Barack Obama’s 2008 campaign buzzword, “change,” has turned out at times to be not just a political prescription, but also a forecast. The last four years undoubtedly produced change in the American economy, politics and history – but how much of it can, or should be, attributed to the president?
To sidestep a convoluted answer about the extent of the executive branch’s role in U.S. government, Obama influenced or presided over many projects and reforms during his term that contributed to the nation’s changing landscape. Outlined is a recap of some of the president’s most significant impacts:
The American Recovery and Reinvestment Act
As the most crippling recession since the Great Depression plagued the nation, Obama signed this $787 billion stimulus in 2009 with the intent of prompting economic growth. Unemployment began to dwindle within a month of the bill’s passage, and the private sector started to generate positive job growth for a total of 3.7 million in 23 months, according to the White House’s Council of Economic Advisers.
Sayonara, Osama bin Laden
A decade after the 9/11 attacks, Osama bin laden was killed when Obama commanded Navy SEALs to invade a compound in Abbottabad, Pakistan where bin Laden was hiding out.
Patient Protection and Affordable Care Act
After a century of attempts by several presidents to get the ball rolling toward universal health care in the U.S., Obama signed the Patient Protection and Affordable Care Act (PPACA). Arguably the most substantial restructuring of the U.S. health care system to date, the PPACA will cover 32 million uninsured citizens and aims to decrease health care costs through tax credits, subsidies and other mandates, according to HealthCare.gov. The law also requires insurance companies to cover all applicants at the same rate regardless of pre-existing conditions.
Merry Christmas; the Iraq war is over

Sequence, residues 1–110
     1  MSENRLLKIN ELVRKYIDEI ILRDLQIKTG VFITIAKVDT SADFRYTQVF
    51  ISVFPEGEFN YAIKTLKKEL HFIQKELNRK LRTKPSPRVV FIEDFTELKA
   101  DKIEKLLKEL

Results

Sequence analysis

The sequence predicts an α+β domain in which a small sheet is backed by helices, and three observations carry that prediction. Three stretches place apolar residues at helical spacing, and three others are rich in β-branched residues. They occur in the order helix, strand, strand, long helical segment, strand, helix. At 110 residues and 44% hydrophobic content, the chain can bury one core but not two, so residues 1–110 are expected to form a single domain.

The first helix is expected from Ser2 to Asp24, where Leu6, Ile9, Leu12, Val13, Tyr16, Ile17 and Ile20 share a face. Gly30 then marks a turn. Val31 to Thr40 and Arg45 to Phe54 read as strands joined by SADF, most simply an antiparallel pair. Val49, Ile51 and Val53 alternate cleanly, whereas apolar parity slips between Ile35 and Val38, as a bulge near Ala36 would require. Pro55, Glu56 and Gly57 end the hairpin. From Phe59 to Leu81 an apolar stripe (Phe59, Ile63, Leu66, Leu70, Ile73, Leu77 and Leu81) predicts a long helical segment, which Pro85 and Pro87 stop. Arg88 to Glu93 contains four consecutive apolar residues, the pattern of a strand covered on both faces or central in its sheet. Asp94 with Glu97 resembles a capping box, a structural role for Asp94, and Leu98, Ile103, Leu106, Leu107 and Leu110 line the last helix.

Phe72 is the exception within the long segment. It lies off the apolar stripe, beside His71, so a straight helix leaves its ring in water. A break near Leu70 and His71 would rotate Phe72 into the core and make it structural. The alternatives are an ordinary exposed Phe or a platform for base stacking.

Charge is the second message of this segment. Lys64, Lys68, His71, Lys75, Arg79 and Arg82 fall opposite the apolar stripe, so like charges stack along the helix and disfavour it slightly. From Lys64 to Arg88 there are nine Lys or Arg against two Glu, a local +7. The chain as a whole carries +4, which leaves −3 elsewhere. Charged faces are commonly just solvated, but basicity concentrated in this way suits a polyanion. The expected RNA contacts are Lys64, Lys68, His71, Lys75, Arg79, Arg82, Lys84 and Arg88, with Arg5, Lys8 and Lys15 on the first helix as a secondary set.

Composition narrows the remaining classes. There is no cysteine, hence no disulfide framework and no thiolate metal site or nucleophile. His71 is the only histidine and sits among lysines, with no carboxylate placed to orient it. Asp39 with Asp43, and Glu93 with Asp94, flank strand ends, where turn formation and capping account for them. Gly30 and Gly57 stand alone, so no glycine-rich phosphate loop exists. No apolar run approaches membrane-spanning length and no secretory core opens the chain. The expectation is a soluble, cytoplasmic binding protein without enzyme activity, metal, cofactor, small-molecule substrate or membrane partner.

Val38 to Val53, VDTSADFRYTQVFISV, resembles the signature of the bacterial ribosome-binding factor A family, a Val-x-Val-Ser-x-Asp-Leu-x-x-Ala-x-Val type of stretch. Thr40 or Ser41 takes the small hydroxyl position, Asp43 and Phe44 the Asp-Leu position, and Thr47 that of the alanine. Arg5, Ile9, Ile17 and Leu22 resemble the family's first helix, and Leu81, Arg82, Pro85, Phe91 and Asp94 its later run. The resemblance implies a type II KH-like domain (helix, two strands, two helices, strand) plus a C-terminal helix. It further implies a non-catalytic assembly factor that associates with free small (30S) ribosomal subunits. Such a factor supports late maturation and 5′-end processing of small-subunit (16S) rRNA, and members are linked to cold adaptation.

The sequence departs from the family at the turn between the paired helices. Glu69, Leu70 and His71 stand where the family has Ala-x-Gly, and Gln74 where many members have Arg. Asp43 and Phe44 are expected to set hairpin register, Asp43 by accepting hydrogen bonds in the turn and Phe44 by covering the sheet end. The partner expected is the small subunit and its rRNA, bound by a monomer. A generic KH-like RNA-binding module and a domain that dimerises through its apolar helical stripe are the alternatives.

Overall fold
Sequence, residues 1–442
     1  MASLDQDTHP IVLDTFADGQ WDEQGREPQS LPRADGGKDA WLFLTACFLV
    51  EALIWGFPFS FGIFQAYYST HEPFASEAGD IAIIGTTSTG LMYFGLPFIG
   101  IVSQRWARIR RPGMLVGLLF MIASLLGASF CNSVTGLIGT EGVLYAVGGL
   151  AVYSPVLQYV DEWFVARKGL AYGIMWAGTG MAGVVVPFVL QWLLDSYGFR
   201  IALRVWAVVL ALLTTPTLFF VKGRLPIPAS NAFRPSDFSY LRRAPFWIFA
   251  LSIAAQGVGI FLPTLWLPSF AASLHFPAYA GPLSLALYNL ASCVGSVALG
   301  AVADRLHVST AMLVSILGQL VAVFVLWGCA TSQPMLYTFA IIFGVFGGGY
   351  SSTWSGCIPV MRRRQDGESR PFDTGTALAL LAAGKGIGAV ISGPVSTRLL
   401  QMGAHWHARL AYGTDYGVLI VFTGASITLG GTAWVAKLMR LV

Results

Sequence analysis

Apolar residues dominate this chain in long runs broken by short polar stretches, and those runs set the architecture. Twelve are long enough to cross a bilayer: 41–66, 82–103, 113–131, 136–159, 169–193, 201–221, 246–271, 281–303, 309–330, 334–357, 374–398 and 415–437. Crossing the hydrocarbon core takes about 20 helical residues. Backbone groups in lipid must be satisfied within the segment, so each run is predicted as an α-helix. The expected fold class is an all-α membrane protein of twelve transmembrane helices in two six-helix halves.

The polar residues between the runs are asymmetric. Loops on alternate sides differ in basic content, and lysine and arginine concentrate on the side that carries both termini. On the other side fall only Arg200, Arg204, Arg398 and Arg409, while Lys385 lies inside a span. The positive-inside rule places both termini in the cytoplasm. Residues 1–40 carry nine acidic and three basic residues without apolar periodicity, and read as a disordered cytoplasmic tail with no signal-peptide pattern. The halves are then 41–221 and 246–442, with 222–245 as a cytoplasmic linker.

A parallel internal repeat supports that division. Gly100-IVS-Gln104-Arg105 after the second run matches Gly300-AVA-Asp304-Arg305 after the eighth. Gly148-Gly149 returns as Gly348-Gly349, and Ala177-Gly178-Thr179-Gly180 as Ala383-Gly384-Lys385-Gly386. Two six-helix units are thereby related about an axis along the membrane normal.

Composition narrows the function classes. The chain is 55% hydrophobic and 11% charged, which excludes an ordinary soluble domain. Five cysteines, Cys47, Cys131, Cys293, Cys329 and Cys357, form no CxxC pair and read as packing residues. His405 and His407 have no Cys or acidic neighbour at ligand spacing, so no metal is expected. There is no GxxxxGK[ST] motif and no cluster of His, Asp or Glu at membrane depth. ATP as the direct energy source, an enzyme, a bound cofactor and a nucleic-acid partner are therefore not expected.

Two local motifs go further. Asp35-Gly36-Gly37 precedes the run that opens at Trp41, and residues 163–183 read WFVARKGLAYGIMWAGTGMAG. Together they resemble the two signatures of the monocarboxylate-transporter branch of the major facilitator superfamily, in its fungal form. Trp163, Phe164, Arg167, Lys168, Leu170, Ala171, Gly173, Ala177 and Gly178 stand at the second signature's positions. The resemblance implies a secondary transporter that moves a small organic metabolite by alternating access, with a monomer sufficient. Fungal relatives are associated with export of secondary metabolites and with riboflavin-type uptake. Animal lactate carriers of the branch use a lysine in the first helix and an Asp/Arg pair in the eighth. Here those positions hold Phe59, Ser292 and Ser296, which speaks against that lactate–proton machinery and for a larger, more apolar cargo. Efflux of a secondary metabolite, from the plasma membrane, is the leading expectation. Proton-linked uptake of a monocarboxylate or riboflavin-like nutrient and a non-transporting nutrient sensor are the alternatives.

On Dec. 18, 2o11, the remaining troops stationed in Iraq returned home, ending the war after Obama announced all troops would be withdrawn earlier that year.
Dodd-Frank Wall Street Reform and Consumer Protection Act (2010)
Following the fiscal goof-ups that initiated the “Great Recession,” Obama signed the Dodd-Frank Wall Street Reform and Consumer Protection Act to initiate a regulatory overhaul of the financial sector. Some of its notable provisions include requiring big banks to prepare “living wills” to prevent disastrous bankruptcies and creating the Consumer Financial Protection Bureau, which monitors and regulates consumer protection in the financial sector – credit unions, payday lenders, and securities firms, among others.
But in spite of these and many other legislative changes, the nation still flounders in a state of economic languor with an unemployment rate of 7.9 percent.
Hate Crimes Prevention Act (2009)
Until Obama signed the Hate Crimes Protection Act into law, hate crime protection was limited to race, religion, national origin or color. Now, sexual orientation, disability and gender are included.
Reduce the national debt of $11 trillion
According to usdebtclock.org, the U.S. national debt is currently at more than $16 trillion – a 31 percent increase from the $11 trillion debt total from four years ago.
Shut down Guantanamo Bay
Obama insisted on closing infamous detainment camp Guantanamo Bay after it was revealed that the U.S. was employing controversial techniques to interrogate detainees, but red tape and congressional disputes have hampered its closing, according to politifact.com.
Repeal Bush tax cuts
The president campaigned on repealing the Bush tax cuts for higher income Americans in 2008, but the White House Press Office reported that Obama signed off on continuing these tax cuts as recently as 2010.
Give annual “State of the World” address
In his “A New Beginning” speech from Oct. 2, 2007, Obama said he would give an annual “State of the World” address, which has not since come to fruition.